This is a partial transcript from "The O'Reilly Factor," August 19, 2004 that has been edited for clarity.

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JOHN KASICH, GUEST HOST: In the Impact Segment, did Planned Parenthood (search) cross the line by distributing racy sex ed manuals to kids?

Last month at a conference in Waco, Texas, the group's central Texas chapter gave 10 to 14- year-old kids a free copy of the book "It's Perfectly Normal." Now, get this, folks, the book contains explicit illustrations of sexual intercourse and masturbation, as well as information on abortion and homosexual relationships.

Dr. Mikki Meyer joins us now. She's a family therapist. Planned Parenthood declined an invitation to appear, and they wouldn't provide a statement. And Doctor asked me to be nice, so I will be, Doctor. But look, let's start with the central question. This book is really, to me, it's pretty amazing.

First of all, shouldn't the parents have known what the heck these 10-year-olds, 11-year-olds were going to get when they went to this conference?

MIKKI MEYER, PHD, FAMILY THERAPIST: I think they probably should have known, especially for a 10-year-old. However, I'm not sure that the parents would be open enough, if they had seen it beforehand, to allow them to even look at it. And I think it's unfortunate that there are so many children who are being withheld — information's being withheld so that they don't understand their own bodies.

KASICH: All right, you know, first of all, I think we're going to put some pictures up here that are in this book. Now, I've asked our producers to stick them up there just the way they appear in this book. They're telling me they have been put up. We blocked them out. We have not put up the real pictures.

And I said to the producers, if you think this book is fine, put it up the way it is. And they said, "No, we can't do that. This is a family program." So Doctor, why is it that we can't put these on national television because they're offensive, but we can give these same pictures to 10-year-old kids? Doesn't make any sense, does it?

MEYER: Doesn't make any sense. And many of them are cartoon pictures. The pictures are all about the natural body.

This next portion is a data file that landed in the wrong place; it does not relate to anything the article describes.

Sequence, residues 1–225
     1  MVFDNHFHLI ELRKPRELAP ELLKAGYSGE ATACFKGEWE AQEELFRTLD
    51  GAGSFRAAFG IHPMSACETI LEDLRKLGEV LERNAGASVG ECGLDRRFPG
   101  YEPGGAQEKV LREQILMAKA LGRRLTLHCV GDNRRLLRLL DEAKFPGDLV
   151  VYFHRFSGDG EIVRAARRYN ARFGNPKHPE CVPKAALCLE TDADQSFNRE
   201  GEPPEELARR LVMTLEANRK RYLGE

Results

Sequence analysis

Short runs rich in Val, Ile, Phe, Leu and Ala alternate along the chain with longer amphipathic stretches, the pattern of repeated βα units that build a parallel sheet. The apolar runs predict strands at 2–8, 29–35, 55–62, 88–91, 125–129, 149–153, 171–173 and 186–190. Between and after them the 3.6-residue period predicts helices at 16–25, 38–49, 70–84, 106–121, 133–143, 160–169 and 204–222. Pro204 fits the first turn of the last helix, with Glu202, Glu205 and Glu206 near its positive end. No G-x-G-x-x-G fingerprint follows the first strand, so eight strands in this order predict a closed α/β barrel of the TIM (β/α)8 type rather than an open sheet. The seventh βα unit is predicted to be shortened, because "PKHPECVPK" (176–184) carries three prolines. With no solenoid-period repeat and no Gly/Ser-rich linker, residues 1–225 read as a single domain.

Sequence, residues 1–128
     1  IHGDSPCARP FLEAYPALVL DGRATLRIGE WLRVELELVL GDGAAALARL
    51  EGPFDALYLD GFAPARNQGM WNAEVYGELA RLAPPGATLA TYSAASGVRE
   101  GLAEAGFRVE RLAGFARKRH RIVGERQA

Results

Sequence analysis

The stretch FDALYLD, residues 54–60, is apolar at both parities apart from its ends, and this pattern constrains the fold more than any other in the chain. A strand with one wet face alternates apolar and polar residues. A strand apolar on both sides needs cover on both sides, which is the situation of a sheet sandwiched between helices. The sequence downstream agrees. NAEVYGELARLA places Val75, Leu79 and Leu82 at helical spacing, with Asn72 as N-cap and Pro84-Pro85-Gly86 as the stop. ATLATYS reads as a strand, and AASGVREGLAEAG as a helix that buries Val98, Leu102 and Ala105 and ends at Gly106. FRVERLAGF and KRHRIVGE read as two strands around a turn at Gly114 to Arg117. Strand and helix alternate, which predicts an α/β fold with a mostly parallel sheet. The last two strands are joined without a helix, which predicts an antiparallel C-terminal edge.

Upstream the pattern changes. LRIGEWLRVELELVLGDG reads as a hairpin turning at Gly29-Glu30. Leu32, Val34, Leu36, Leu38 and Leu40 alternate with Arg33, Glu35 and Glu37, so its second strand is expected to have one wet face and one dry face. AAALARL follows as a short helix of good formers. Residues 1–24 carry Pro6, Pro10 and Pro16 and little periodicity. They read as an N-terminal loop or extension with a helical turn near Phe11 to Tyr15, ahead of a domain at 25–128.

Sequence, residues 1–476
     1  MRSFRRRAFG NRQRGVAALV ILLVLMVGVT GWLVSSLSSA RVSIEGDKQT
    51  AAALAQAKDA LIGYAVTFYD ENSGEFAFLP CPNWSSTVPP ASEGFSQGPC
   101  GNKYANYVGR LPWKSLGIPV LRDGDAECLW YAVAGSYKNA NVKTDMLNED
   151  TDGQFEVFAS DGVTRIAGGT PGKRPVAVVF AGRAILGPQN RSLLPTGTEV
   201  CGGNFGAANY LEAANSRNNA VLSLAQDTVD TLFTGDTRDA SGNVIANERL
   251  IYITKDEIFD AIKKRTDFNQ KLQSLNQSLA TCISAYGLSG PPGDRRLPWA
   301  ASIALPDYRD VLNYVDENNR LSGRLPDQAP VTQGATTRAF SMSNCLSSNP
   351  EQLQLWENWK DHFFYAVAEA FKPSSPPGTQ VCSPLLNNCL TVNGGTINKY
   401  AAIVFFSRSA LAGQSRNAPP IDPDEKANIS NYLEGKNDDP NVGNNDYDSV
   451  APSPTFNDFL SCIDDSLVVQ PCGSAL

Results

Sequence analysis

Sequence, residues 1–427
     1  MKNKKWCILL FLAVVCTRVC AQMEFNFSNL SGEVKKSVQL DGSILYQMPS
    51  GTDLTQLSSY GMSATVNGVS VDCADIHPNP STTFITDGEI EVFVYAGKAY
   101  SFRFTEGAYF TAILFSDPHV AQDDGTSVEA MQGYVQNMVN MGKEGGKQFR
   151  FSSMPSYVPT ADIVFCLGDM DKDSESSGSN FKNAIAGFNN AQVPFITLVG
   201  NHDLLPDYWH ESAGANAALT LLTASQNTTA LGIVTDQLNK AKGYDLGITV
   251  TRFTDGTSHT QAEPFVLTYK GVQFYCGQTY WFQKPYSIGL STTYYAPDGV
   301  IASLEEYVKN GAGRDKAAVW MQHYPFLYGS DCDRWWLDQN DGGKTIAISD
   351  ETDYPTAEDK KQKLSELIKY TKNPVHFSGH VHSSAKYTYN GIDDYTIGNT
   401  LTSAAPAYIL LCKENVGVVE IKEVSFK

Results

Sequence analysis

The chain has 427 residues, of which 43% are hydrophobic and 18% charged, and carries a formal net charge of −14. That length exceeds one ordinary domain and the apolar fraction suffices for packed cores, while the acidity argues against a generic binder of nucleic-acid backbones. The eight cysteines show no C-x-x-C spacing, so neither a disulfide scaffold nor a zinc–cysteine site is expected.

KASICH: But why would a 10-year-old need to see two people, you know, simulating intercourse? Why do they need to see a graphic picture of a man and a woman masturbating? I mean, what does a 10 or an 11-year-old need to get out of that?

MEYER: Do you think that 10 and 11-year-olds are ignorant? They know that they have bodies. We see 3 and 4-year-olds touching themselves. Does that mean that they're bad? And if we start to teach children that their body is bad and that if they touch themselves or they explore themselves, they come away thinking that they're bad.

KASICH: But no one's saying that you have to teach kids that because they shouldn't be masturbating at the age of 10 or, you know, that this has something to do with bad. It's inappropriate. What does it accomplish to have these kind of pictures presented to these kids?

To me, when I was 10-years-old, it would have disturbed me to have some grown up putting this to me. And if I went home with this book, I don't even want to tell you what the heck my parents would do. What does this accomplish? I mean, look, like your body, but this is way beyond liking your body, isn't it?

MEYER: I think this is a fabulous tool for parents to be able to sit down with their kids and talk about it.

KASICH: Parents weren't even included in this. This is some stranger...

MEYER: But they have it at home so that they can.

KASICH: Yeah, but look, I mean, what is to be gained by showing a man and a woman on top of themselves, in bed, at the age of 10? What does that have to do with those kids' bodies?

MEYER: At the age of 10, possibly not. But we do have 10-year-olds who are getting involved...

KASICH: OK, but we're giving this to 10-year-olds, 11-year-olds, 12- year-olds, I mean, I don't see what we gain through this. Look, you believe in sex education; I believe in it. I think it ought to be in the home. Let's say it goes beyond the home and gets into health class, right?  Aren't we beyond what sex ed was all about?

You know, there's a teacher in New Mexico we're going to cover on "Heartland" tomorrow night saying to kids, "Taste this condom." Haven't we gone way beyond what sex ed was really all about?

MEYER: I wish I could say that we have, but we haven't. And I think when we look at kids who are being abused right in front of our faces, and this is happening all over America, this opens the door for them to be able to talk about things that they shouldn't know about.

KASICH: You know what, Doctor? You tell a kid, you know, nobody should touch you in these certain places, I don't think you have to have a picture of a man masturbating in a book shown to a 10-year-old to show that that's inappropriate behavior. But I was nice.

Thanks for being with us, Doctor. Thank you very much.

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